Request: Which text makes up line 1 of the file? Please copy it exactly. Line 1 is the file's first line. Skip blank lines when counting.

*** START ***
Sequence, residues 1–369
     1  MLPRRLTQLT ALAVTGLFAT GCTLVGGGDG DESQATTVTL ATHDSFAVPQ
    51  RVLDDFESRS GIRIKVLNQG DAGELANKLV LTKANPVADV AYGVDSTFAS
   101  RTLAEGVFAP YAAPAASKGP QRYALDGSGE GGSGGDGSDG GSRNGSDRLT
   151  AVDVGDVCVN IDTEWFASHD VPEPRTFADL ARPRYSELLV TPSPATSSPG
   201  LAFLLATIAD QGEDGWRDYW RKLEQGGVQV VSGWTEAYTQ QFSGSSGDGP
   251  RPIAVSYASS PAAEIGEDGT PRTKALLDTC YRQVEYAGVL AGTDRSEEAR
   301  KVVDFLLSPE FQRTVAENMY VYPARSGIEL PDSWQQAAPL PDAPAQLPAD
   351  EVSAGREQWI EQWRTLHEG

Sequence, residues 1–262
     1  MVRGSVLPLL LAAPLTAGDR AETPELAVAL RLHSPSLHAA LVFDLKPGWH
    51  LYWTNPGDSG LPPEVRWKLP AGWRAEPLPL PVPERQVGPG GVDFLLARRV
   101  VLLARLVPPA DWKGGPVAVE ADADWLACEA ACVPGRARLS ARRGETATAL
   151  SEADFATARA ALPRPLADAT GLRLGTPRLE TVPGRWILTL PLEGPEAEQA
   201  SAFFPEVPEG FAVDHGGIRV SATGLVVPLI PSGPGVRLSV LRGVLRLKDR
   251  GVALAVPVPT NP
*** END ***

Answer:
Sequence, residues 1–369